Museum guards and others are very strict about the rules and regulations. In Rhodes I stepped on a footing so I could see through a bay window and the guard there also yelled at me. (The breeze was worth it.)
We walked around Monastiraki and looked at the flea market there. The objects for sale are much like the stuff I would find in a flea market in the US with
a few exceptions here and there. I did see two large Karagiozi (shadow puppets) but I decided not to even think about buying them. Where would I put them back home? I guess I would find a place.
Well, we lost our way back to the Plaka. We took the Metro as far as the foot of the Acropolis just to see what it was like to ride it. We had another long walk (and I mean long) but we finally found the Metro station. The Metro is very new and very clean and there are absolutely no vendors in any of the ones I saw. There are police who patrol them and are very helpful if you have questions.
On the way to the Metro, we saw new townhouses that had recently been constructed. They were gorgeous and looked like they were made of marble. I don’t know what they were really made of. They were right next to the Acropolis. What a sight, especially in the evening.
We found our friends in the taverna in Vouliagmeni that night. The family of the groom hosted the event and there was plenty to eat including kokoretsi. The kids enjoyed looking at the pig and lamb that were turning on the spit. Andrea and the other kids had a lot of fun together and practiced speaking Greek. I don’t know how many times I had to confirm the meaning of some very simple Greek words and terms to them but I hope they still remember them. It was a late night but fun to be with friends.
We landed at the big, new Eleutherios Venizelos Airport but a driver did not meet us. It was a misunderstanding with the travel agency. (Of course, I was upset but we weren’t going to waste time in the airport.) I should have expected a snag. We were compelled to hire a cab driver who took us for 42e (euros).
As I learned the streets of Athens, I later came to realize that he took us around Athens and did not drive directly to the hotel. I think Athenian taxi cab drivers should be, in keeping with the “humanistic” policies of the new European Union, sentenced to life in jail without parole. Actually, they should bring back the Rack, which they used to torture people in medieval times, and bring on a revival of nostalgia.
That evening we headed for the Plaka but on our way, I spied an evzone (soldier) marching as we were turning towards Syntagma Square. I ran to the Tomb of the Unknown Soldier in front of the Parliament building. We took Andrea’s picture standing next to one. She loved it and every evening or afternoon we were in the neighborhood we had to stop and visit the evzones.
The Plaka is like the old medieval villages: narrow, streets, shops, tavernas, etc., but you can see the Acropolis from there. At night it is lit up and quite beautiful. The Parthenon is on the other side and I know we’re going there later in the week so I stayed near the other end. As the government built the Metro, more antiquities were discovered and you can see some of the excavations that have begun as a result.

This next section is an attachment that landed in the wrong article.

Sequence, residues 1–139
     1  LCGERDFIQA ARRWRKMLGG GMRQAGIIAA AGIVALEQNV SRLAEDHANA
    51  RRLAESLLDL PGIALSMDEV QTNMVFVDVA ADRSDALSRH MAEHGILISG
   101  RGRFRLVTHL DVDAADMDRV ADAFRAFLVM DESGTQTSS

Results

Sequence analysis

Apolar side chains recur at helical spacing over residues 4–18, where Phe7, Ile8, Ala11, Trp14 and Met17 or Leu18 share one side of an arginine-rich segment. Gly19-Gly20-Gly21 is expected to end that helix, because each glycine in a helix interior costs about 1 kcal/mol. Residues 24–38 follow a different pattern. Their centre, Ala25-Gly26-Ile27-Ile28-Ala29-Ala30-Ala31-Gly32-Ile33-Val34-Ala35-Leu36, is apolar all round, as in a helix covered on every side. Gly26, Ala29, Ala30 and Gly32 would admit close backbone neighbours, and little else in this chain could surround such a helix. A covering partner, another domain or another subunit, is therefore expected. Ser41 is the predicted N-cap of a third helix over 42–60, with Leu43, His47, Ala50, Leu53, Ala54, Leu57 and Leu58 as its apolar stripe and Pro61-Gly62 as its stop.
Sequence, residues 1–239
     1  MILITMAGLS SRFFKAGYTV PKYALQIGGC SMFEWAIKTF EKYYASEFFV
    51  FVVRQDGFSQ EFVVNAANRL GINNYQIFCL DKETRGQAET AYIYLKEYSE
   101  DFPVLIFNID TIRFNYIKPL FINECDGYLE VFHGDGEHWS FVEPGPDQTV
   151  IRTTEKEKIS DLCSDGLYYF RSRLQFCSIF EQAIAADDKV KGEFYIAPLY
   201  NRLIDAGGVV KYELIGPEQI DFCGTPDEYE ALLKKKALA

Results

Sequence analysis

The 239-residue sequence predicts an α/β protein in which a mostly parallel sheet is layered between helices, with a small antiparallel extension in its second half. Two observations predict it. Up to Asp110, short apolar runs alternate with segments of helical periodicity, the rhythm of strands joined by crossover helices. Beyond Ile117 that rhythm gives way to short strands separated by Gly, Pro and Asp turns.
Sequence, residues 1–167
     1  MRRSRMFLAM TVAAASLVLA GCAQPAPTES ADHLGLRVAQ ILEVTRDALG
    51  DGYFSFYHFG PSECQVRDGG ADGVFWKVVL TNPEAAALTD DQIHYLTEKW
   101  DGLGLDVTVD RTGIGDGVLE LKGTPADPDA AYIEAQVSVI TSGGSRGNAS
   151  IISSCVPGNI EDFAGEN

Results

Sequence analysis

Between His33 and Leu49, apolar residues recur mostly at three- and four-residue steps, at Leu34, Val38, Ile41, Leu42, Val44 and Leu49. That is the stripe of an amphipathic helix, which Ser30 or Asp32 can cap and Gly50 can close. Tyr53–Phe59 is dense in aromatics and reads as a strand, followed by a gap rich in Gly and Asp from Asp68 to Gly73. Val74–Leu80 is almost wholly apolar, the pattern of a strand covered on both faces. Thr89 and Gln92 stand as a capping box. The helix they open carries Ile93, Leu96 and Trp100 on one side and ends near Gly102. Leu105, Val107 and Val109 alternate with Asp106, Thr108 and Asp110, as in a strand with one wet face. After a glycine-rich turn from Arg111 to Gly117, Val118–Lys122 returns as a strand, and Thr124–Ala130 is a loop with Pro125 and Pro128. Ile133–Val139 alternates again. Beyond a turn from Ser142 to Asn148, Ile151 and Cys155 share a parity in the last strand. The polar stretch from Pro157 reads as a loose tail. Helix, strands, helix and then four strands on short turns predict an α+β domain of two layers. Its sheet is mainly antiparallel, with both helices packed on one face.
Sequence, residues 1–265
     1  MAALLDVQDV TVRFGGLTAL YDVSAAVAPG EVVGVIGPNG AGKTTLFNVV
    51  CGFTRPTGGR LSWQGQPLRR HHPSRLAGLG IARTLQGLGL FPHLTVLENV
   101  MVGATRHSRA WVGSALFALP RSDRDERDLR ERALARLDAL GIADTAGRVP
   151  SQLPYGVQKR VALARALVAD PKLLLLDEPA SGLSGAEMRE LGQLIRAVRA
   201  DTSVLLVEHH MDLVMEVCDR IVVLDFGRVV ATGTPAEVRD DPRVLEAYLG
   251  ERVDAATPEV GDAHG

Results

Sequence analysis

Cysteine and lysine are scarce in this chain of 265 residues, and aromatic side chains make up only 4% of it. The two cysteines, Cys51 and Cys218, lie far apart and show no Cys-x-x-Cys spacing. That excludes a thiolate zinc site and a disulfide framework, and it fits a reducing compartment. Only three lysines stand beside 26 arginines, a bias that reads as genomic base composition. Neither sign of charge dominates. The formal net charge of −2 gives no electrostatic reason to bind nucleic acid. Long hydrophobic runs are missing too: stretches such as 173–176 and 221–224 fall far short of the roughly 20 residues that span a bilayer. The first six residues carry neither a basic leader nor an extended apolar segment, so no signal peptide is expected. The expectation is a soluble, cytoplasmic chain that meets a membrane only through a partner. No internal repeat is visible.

We had a delicious dinner at an outdoor taverna (salad and mousaka) and passed Syntgama square and the evzones again. It was quite dark by this time so we didn’t take photos.
The next day we took a long motor coach trip to Delphi. We passed industrial buildings and an agricultural region. There are many, many olive groves. We stopped at two different villages to rest and buy souvenirs. Finally, reach Mount Parnassus which is an awesome site by itself. We enter the site and descend. The first stop is the old Roman agora or marketplace. You can see Parnassus close up and it is more imposing than from a distance. Delphi gave me chills because I came to realize that Alexander and other famous Greeks from ancient history walked these very paths and consulted the Oracle.
We climbed to the very top in intense afternoon heat, past the Rock of Sybille and other architectural landmarks. We finally reached the stadium there. It is like a football field. Mike and Andrea were ready to race the length of it but I stopped them. No use getting sunstroke now. The descent was easier but no less hot. We also visited the museum with the famous sculpture of the charioteer. Another interesting object that I saw was the early version of glass which was later developed by the Romans into the form it is today.
It’s also interesting to note that under these mountains were gasses. The Oracle would go down into the cavity of mountain and take a whiff of the stuff. Then she would come up and give her cryptic messages.
Archaeologists from Pennsylvania recently found traces of a gas in the mountains around Delphi giving some proof to this theory.
The view here is heady enough because you can see for miles and Mount Parnassus dominates the valley. That would give me a high especially if I came to work everyday to recite prophecies; I wouldn’t need anything else.
When we returned we walked to the Temple of Zeus which, like every other monument, is lit up at night. It is tall and isolated from the Acropolis which can be seen from there. Next to it is the Botanical or National Gardens. We ate at the cafe there. I had yogurt that tastes like the home made kind my mother used to make and “cure” in the linen closet. Mine had wonderful honey poured over it.
As we left, I again spied out of the corner of my eye, an acrobat. Andrea and I ran to see him and when we were close we realized that it was someone swirling ropes of fire. He was being photographed in front of the Zappeion so I guess it wasn’t a formal show. He repeated his act, though and I took pictures which I hope come out. Mike, in the meantime, wandered off to the restaurant a few yards away. The restaurant was showing MY BIG FAT GREEK WEDDING in the back to a party of diners.
The Gardens are filled with evening strollers and it is curious no one feels afraid. They stroll quite freely in the semi-darkness. I certainly did not fear to walk the streets at night and we often did so.